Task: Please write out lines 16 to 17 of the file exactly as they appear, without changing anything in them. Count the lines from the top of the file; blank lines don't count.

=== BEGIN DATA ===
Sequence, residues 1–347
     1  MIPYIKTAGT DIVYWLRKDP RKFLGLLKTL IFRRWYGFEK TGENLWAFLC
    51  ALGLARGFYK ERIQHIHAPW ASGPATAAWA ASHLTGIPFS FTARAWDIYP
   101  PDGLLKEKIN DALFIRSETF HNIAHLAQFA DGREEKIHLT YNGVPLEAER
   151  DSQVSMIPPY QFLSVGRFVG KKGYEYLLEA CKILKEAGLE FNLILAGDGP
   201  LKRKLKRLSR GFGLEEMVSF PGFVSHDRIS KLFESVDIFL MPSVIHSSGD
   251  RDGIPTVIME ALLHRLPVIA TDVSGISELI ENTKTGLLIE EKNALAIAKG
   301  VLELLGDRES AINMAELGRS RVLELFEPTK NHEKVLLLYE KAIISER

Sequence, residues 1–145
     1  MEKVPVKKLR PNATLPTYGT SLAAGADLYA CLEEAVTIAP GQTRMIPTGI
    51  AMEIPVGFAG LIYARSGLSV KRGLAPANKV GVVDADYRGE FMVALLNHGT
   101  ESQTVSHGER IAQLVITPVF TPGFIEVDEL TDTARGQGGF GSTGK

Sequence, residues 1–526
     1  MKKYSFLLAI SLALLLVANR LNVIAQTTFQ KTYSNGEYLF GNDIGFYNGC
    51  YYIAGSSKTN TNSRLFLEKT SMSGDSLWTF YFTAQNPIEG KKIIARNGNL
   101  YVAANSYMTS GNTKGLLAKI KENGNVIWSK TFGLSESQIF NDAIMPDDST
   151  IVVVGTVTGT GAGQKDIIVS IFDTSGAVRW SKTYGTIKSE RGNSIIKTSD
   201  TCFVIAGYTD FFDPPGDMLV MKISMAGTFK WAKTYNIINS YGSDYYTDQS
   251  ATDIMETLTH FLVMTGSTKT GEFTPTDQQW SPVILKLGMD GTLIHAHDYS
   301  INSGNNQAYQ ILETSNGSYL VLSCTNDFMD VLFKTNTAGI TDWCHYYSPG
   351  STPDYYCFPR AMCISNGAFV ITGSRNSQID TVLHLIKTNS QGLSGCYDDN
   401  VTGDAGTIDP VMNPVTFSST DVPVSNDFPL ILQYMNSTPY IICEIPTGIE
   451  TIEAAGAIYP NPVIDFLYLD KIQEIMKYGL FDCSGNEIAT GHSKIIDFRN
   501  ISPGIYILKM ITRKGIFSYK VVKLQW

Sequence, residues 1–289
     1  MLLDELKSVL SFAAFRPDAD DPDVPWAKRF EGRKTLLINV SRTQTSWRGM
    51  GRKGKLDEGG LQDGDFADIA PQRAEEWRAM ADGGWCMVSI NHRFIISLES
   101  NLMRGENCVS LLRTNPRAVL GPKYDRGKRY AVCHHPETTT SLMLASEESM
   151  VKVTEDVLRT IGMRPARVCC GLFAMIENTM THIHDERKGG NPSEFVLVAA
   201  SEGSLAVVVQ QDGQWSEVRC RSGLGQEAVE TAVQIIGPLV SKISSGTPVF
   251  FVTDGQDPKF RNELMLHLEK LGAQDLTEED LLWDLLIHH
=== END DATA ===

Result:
   101  YVAANSYMTS GNTKGLLAKI KENGNVIWSK TFGLSESQIF NDAIMPDDST
   151  IVVVGTVTGT GAGQKDIIVS IFDTSGAVRW SKTYGTIKSE RGNSIIKTSD